George III’s unsent letter of abdication goes on display for the first time

I am therefore resolved to resign my crown

A draft letter of abdication written by King George III is to go on display for the first time.

It will be part of a huge cache of documents from the reign of the last British monarch to rule over America which go online from today.

The letter, covered in blotches, scratchings and corrections, was penned during a period of political crisis in March 1783 at the end of the American War of Independence.

It was thought that George struggled to come to terms with British defeats in America and would retire to Hanover in Germany as a result.

He wrote: ‘I am therefore resolved to resign my Crown and all the Dominions appertaining to it to the Prince of Wales, my eldest son and lawful successor.’

But the letter was never sent and he stayed on the throne until his death aged 81 in 1820.

The letter is among a collection of 350,000 Georgian papers from the royal archives which have been digitally scanned and will be placed on an online portal for historians and the public to study from Saturday.

The documents also include letters from one of George’s most trusted spies Aristarchus, code-named after the ancient Greek astronomer.

The so-called ageing spy, who was in his sixties, warned the king of a French plot to assassinate him in 1780.

He wrote: ‘My last Dispatches from Paris happily discover a secret Plot against your Majesty’s Life.’

He warned that the French had figured out that the King walked in disguise at night through the gardens of Buckingham Palace and would chose that as their ‘most favorable spot’ for the execution of their ‘horrid and bloodthirsty machination.’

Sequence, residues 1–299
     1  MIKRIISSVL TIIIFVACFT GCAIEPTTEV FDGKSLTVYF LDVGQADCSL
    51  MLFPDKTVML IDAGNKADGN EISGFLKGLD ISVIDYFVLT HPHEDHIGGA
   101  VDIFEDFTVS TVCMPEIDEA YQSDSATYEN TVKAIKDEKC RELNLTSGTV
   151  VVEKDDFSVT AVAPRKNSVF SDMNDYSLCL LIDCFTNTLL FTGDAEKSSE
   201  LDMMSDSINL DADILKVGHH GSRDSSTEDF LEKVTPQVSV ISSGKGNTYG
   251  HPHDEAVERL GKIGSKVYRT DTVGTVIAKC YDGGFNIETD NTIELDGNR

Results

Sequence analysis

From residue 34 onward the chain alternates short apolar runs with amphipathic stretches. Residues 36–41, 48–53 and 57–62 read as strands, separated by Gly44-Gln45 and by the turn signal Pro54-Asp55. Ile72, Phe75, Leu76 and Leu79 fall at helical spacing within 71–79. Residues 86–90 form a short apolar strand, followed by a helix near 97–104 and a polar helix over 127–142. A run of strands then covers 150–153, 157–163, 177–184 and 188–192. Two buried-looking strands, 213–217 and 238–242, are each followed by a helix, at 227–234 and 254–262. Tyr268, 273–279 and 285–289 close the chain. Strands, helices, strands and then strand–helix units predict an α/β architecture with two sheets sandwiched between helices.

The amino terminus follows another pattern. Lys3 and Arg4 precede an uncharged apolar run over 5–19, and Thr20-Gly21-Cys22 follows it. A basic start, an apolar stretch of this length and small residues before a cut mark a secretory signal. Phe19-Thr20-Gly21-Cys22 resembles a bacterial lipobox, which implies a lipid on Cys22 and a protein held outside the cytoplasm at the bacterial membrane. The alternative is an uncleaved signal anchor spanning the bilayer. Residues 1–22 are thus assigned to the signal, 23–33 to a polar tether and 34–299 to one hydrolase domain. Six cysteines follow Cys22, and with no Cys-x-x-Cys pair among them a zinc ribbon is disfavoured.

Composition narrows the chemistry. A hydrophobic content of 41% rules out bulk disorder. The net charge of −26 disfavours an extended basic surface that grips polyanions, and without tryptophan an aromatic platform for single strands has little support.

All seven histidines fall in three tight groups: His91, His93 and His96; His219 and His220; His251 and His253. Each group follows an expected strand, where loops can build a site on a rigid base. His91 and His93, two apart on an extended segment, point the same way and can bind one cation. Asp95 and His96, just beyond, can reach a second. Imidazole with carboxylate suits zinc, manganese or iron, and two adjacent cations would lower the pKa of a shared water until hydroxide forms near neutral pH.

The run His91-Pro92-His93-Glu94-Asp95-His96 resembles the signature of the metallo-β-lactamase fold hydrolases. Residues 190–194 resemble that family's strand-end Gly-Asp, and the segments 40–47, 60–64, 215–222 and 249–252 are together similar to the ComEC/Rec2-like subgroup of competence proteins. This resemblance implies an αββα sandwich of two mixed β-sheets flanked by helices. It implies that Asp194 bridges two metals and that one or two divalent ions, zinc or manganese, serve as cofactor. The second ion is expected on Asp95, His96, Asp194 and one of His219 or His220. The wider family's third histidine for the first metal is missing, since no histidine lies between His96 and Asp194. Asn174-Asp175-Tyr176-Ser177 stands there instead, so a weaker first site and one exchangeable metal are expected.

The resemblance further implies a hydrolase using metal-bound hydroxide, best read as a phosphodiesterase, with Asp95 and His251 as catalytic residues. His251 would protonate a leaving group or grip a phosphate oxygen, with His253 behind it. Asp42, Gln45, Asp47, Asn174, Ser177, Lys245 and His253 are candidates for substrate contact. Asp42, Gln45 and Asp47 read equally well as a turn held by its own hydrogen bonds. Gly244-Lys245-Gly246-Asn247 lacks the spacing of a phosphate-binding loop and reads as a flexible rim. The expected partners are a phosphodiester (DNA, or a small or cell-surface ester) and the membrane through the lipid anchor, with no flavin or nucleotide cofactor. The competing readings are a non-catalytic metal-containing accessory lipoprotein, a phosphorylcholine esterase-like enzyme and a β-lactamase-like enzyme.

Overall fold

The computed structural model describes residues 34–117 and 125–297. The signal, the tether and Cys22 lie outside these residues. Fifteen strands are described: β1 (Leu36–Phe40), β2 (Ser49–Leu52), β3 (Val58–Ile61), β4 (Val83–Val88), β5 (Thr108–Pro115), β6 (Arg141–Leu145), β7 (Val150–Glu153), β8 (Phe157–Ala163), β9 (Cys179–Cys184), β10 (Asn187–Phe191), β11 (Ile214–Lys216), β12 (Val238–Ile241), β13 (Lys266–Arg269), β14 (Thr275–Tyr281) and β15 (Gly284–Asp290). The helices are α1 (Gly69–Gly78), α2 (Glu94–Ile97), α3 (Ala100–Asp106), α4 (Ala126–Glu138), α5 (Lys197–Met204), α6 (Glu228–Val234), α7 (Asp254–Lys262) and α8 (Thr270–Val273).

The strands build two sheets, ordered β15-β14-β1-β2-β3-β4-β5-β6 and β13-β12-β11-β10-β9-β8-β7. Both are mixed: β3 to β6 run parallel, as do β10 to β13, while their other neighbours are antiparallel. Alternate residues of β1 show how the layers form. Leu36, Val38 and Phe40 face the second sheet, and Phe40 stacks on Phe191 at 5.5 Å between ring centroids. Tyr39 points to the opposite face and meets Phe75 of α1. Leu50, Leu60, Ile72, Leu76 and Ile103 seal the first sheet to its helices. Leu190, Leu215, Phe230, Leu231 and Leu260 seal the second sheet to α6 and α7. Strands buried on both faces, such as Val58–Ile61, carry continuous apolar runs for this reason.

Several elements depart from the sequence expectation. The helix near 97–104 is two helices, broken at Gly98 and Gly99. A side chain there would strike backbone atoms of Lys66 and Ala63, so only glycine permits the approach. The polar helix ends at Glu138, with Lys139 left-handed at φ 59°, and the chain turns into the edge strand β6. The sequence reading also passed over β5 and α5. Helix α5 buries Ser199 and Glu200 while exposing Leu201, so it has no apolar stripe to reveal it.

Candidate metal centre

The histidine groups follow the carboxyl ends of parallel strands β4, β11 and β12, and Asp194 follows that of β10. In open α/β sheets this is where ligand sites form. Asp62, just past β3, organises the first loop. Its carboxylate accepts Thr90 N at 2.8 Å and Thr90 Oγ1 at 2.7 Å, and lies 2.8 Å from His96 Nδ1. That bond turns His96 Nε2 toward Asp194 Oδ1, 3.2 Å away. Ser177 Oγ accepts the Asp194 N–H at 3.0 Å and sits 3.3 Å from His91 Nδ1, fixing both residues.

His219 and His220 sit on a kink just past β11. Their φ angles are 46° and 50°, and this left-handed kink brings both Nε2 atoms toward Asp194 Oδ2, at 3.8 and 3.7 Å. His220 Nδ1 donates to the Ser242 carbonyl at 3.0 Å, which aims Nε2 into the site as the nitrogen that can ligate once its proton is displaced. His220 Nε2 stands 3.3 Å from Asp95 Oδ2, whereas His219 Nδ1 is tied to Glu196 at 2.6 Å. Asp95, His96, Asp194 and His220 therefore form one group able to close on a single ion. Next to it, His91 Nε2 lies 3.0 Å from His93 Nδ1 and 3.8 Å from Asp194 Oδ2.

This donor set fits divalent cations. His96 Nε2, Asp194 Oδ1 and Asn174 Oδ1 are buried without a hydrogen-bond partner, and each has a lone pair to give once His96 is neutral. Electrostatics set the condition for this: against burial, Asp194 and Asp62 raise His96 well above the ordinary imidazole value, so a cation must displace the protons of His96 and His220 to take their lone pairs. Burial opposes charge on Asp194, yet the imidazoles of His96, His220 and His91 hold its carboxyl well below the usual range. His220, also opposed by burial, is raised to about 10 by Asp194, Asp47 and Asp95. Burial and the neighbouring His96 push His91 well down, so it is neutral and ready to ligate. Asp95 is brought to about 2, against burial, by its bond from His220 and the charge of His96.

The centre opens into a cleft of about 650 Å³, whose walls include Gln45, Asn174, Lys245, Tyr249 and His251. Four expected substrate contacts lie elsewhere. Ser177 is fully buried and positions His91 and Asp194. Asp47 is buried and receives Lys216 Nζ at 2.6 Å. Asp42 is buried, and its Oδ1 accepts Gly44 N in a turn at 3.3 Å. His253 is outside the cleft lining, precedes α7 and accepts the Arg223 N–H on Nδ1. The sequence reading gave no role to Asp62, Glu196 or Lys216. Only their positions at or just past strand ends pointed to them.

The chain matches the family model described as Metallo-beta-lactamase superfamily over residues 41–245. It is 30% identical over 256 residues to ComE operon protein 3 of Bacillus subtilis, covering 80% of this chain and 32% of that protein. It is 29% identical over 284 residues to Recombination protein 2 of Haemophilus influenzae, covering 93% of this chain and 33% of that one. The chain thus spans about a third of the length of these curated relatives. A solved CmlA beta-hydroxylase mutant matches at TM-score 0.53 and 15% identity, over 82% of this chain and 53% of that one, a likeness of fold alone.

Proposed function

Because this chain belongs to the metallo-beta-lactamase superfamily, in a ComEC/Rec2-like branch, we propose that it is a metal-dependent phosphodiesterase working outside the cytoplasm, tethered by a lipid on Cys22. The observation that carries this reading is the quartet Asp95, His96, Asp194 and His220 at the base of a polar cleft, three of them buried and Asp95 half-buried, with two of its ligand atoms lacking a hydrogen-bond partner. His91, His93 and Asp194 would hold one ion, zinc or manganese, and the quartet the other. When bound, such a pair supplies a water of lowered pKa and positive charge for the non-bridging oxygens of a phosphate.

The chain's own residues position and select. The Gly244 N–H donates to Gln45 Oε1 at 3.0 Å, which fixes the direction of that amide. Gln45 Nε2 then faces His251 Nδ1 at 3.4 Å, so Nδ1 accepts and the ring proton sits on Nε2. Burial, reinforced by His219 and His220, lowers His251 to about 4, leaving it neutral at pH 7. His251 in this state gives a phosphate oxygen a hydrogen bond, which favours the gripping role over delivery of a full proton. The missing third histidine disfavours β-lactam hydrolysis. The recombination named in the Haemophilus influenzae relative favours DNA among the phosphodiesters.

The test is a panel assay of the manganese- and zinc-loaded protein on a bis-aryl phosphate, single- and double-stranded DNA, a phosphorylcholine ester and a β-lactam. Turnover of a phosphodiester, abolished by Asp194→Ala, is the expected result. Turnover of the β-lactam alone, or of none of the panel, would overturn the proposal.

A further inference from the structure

The letter (pictured), covered in blotches, scratchings and corrections, was penned during a period of political crisis in March 1783

The letter was never sent and George stayed on the throne until his death aged 81 in 1820

Andrew O’Shaughnessy, author of The Men Who Lost America, told The Times: ‘He was based in London but had access to intelligence abroad, especially in Paris. The quality of his information is very variable and in many cases impossible to verify.

‘However, it is not without substance. He was constantly complaining that his wages were in arrears and that he could not get payment from Lord North [the prime minister]. There is one letter in which he describes himself as ‘your amanuensis’ and says he is in his late sixties but feels like a man half his age.’

The documents also include intimate letters between George and his wife Charlotte, household bills and a huge number of letters between the king and the government with detailed notes about the war in America.

There is also an instruction manual from George’s father about kingship.

George, Britain’s longest-reigning king who was on the throne from 1760 until 1820, suffered from health problems in the latter part of his life which was documented in the award-winning 1994 film The Madness Of King George.

Current heir-to-the-throne Prince Charles has said George was unfairly remembered by history as mad and the king who lost America, when he was in fact one of Britain’s most dutiful, cultured and misunderstood rulers.

The Georgian Papers Programme, is a collaboration between the Royal Collection Trust, King’s College London and US partners. It will upload 35,000 documents online by 2020.

Written by Charlie Moore and published by The Daily Mail ~ January 28, 2017.

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